I had flown in Glen Strathfarrar briefly on Saturday. Then drove down to Glen Coe on Saturday night with the hope of 8 grand base in Glen Coe on Sunday. Przemek and his family camped with me and my family in Glen Etive, which was lovely and grew increasingly bonding as torrential rain forced us all into the porch of his tent. The rain continued well into the night. At 7am Przemek and I drove a short distance to check the forecast and concluded that the place to be was… Glen Strathfarrar! The poor girls were encouraged to vacate the tents, babies and all, asap. Amazingly we were packed up and on the road by 8am. We grabbed a Costa drive-through breakfast in Fort William and arrived in Fort Augustus just in time for the Etape road closure to be lifted at 9.15am. We collected Roland Rider along the way and Steve Hallsworth came along too.
Three hours later we climbed to launch in Strathfarrar and found strong thermic gusts coming up to launch and pretty epic looking skies above. Prezemek and I had mulled over the idea of flying to the west coast but there were a number of reasons not to. Out commitment was certainly in question. Przemek didn't have a radio, so it was going to be a case of suck it and see and observe each other to see what the other was thinking.
Timing was important on launch. I got lucky and fluked a semi-cobra launch that treated me nicely. Przemek was less fortunate and had to work hard to overcome the strong gusts. I got high straight away and tentatively bimbled along the ridge to the west - heading for the Monar dam and the end of the public road. My mind still not made up. Then I made a mistake and got low in a corrie, which allowed Przemek to leapfrog me. As I struggled out of my pickle I got hit by a tremendous thermic gust that had my vario screaming and my wing twisting and buckling above me. For the first time I could feel my heartbeat thumping in my chest. The glider performed superbly - not so much as a tuck. But when I fell out of the thermal, which was tiny, it surged forward dramatically. I hit the brakes to damp the dive and nothing happened, so I buried them to the seat and flew away - shitting myself but otherwise totally fine! It was not going to be a day for taking photographs!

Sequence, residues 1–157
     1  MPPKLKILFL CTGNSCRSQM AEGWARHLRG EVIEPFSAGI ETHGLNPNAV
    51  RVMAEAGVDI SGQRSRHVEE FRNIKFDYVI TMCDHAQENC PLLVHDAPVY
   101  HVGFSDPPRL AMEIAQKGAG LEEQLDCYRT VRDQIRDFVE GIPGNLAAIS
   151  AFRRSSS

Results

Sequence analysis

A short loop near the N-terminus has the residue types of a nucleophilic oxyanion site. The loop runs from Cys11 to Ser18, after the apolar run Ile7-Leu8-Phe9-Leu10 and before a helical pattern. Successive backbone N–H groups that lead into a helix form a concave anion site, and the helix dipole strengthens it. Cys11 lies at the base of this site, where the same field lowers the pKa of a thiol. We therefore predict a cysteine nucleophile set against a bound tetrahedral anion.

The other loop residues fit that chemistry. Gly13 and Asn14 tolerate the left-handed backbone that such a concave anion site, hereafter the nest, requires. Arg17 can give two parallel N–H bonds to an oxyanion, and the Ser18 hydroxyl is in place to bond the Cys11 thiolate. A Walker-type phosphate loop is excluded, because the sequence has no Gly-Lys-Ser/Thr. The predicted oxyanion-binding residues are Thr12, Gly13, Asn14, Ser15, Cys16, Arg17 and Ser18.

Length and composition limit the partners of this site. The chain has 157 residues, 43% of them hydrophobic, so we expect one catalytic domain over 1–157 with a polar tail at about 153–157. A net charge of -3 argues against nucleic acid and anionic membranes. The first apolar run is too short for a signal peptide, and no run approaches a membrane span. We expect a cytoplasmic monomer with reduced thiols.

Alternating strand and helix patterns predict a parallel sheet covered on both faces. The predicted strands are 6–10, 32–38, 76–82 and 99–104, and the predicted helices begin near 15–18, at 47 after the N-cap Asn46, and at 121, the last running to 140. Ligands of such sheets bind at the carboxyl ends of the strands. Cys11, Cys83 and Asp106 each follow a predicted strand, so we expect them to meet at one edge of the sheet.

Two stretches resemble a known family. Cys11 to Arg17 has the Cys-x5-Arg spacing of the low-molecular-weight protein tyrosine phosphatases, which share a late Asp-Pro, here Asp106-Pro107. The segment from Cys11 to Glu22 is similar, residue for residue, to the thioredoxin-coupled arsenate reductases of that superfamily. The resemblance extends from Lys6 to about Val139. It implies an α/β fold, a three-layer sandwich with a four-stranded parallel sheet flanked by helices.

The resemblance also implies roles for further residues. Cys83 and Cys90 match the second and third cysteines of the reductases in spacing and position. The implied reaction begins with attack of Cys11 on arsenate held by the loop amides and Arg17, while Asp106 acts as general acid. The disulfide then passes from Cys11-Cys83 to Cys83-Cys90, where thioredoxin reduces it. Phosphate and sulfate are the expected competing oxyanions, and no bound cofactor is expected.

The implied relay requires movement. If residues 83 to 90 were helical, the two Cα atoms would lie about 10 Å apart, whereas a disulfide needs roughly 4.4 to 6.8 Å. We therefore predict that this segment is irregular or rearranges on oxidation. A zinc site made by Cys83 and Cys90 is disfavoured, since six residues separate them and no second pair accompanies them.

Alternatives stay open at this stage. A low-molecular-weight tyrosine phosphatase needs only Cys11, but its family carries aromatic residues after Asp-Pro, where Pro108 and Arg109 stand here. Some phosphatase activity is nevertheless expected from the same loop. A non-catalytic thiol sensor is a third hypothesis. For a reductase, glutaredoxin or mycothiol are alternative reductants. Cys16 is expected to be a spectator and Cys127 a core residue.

I gained some more height and then spotted Przemek climbing over a small hill on the edge of the boonies underneath a cloud street that led west. I figured I'd head there and if it didn't work I could still probably glide back to the end of the tarred road. I hit the bar and found Przemek's thermal just where he had left it. And he was still heading west. Game on!
From there on it was classic cross country flying, just as I'd read about in so many books! Climb / glide / climb, repeat. With Przemek marking the way I was able to fly fast and I caught him up somewhere around Pait - the most remote house on the British mainland. From there we worked together until Attadale. Reaching the west coast was a huge achievement for me personally. I had dreamt of it for years and yet it has seemed an unattainable goal until very recently. As I flew past the aquamarine coastal waters around Plockton I realised that it hadn't been as hard it I had imagined. But that's probably an easy thing to say when conditions are perfect and base is over 6000 ft… Anyway, I lot of things clicked for me on this flight.
At Attadale I reckoned I could get to my declared goal of Kyle of Lochalsh if I took the next climb as high as I could. So while Przemek peeled off to the south of me a bit I climbed and climbed in convergence and only set off on glide once the cloud was closing around me. Then it was just a long straight 12 km glide to my turnpoint - enjoying the views of Skye and Shiel and balancing a sense of achievement with my repeated mantra of 'don't celebrate until you're on the ground! ' I had lost sight of Przemek and thought he must have landed short of the coast.
Coming down through the shear layer between the met wind and sea breeze was a bit lumpy but nothing too serious. I landed in a field on the edge of the sea just south of Kyle of Lochalsh. I rang Becky to tell her I was ok and was literally saying to her, 'I'm not sure where Przemek is', when a large shadow crossed the field in front of me. Przemek landed beside me and we hugged in jubilation.
It took us a while to catch a lift home but when it came it was superb. The fella took us all the way to Beauly, where Becky's car happened to be sitting with a hidden key. We were home in time for a beer or two and a celebratory curry!